From hospitals to small businesses, ransomware is a topic that has been in the news quite often in recent weeks. So what is it? Quite simply, it is a malicious program, application, or piece of code that takes over your system and demands that you pay a “ransom” to let you back in. Ransomware comes in a number of different variations, but the at the end of the day, it pretty much infects your machine, encrypts your files (so you have to pay to get them back), and then tries to spread to as many other shared locations as possible.
How do you get it? There are a number of ways to get infected, most commonly through email attachments (some of these are as simple as PDF or Word files). Quite often clicking on links to infected websites also carries a risk of getting the malware. If you see an email that is not intended for you, has questionable content, or just plain looks suspicious, the best bet is to delete immediately. This ransomware can now also attack Macs, phones, and even Linux machines. There are variations that will spread through the network and infect as many other files as they can find.
How do I know I am infected and what do I do? If for any reason you start seeing strange popups or a screen appears telling you that anything has been infected or encrypted immediately turn off your machine (yes, pull the plug). The biggest problem with this type of ransomware is that it immediately begins to encrypt files, the faster the machine is turned off and off the network, the greater the chance that it will not encrypt anything vital. Ransomware will always present itself very clearly, there will be a message that your files are locked or encrypted, and likely a message that you have been doing something inappropriate. Often times, attackers will use logos from the FBI, NSA, and local law enforcement agencies in these messages. Upon seeing such a screen, immediately shut off your machine even if pulling the power cord is the only way. With laptops, press and hold the power button until the machine shuts off completely. Make sure you disconnect it from any network sources, especially if connected with a cable. Contact your IT provider immediately so they can advise you on the next steps that pertain to your particular environment.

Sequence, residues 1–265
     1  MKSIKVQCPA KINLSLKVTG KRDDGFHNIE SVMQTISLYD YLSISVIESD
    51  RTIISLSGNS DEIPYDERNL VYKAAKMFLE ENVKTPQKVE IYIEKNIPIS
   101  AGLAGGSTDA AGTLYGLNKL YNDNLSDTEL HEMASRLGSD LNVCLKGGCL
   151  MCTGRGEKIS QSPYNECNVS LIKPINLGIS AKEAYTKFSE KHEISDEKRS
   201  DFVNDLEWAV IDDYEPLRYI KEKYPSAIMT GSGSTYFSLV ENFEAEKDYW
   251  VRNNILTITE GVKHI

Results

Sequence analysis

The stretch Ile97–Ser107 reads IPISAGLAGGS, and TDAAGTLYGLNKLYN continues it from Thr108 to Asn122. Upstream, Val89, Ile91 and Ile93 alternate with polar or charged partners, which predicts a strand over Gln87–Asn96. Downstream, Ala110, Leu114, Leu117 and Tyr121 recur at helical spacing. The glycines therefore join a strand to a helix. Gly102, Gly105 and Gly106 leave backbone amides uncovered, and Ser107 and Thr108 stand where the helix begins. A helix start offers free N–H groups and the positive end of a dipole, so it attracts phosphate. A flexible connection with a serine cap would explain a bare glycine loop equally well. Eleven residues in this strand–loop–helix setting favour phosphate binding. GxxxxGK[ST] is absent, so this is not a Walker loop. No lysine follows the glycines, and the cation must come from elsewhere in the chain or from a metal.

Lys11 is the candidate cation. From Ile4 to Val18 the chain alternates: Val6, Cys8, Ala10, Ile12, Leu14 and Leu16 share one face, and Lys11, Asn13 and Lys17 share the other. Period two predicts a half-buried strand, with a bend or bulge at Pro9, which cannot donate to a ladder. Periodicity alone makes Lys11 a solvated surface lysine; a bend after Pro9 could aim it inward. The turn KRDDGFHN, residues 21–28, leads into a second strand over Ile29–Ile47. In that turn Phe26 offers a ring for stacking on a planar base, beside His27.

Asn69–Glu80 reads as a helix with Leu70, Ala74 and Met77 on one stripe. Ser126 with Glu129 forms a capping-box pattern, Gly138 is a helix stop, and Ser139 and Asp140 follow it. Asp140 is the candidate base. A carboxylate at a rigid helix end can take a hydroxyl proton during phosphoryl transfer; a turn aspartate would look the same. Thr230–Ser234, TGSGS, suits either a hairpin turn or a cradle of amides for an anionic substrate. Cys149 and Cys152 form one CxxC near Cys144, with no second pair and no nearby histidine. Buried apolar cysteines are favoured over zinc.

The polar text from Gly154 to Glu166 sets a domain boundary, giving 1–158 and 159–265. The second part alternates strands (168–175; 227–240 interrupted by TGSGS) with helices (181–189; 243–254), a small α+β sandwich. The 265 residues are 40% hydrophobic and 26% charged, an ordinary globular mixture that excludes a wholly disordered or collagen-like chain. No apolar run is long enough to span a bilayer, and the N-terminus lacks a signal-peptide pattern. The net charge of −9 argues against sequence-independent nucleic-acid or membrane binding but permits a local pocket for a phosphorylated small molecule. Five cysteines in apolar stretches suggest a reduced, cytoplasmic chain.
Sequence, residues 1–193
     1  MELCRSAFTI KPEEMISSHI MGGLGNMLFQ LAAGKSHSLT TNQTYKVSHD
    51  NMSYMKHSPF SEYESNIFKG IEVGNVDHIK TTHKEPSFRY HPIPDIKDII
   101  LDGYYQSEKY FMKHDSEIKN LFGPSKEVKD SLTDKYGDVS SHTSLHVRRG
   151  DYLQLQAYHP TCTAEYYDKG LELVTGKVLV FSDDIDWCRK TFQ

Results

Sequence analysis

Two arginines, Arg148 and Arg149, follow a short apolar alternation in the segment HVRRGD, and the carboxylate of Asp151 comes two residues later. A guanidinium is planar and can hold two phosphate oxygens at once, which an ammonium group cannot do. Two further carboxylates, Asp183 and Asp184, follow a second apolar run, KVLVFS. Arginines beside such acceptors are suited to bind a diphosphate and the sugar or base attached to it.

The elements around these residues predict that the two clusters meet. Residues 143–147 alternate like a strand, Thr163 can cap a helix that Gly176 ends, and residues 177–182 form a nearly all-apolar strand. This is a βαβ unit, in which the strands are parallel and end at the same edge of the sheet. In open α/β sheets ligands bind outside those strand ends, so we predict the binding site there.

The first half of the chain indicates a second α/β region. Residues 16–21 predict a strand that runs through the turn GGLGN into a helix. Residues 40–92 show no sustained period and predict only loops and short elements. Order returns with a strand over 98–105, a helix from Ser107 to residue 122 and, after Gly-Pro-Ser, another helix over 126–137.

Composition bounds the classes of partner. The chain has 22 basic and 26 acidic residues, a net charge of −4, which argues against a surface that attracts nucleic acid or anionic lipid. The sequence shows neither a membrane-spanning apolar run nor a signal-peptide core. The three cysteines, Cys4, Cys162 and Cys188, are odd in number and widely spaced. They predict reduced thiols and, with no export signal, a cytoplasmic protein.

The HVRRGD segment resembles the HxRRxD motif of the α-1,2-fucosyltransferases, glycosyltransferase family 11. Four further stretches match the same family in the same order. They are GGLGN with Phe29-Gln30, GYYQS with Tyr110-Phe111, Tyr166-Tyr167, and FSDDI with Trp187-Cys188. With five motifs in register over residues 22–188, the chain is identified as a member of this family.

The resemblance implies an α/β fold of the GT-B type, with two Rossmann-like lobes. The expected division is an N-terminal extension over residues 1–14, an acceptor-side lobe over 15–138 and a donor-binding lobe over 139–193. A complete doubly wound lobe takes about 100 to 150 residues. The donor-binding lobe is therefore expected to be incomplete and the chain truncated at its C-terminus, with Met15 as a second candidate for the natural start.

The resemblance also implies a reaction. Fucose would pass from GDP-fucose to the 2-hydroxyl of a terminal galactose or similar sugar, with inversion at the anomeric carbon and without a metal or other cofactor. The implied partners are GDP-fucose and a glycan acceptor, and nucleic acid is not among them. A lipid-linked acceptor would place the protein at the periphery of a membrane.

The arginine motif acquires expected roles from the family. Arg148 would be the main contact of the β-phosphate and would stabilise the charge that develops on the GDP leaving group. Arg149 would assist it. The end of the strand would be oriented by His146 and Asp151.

How do you protect yourself? No matter how many security safeguards are in place, no system is perfect. The name of the game is to always stay one step ahead of the bad guys and their goal is to find a way around the good guys’ defenses. End users must be taught to be very careful when clicking on any links in emails, going to any websites that may be suspicious (even legitimate sites can get hacked), and downloading things from email or links contained in email. Also be mindful of any USB drives that you do not 100% know the origin of. Same goes for CDs, SD cards, portable drives, etc. Many of you may also charge your phones through the PCs as well. Keep in mind that any infection that may be on your phone now has a way to spread to the computer when you sync or charge it.
The single greatest way to protect yourself from infection is having the knowledge to avoid potential dangerous situations. But even the most informed will sometimes get attacked. In such cases, having backups of your data is paramount. Look for our other blogs regarding proper backup strategies and more security pointers!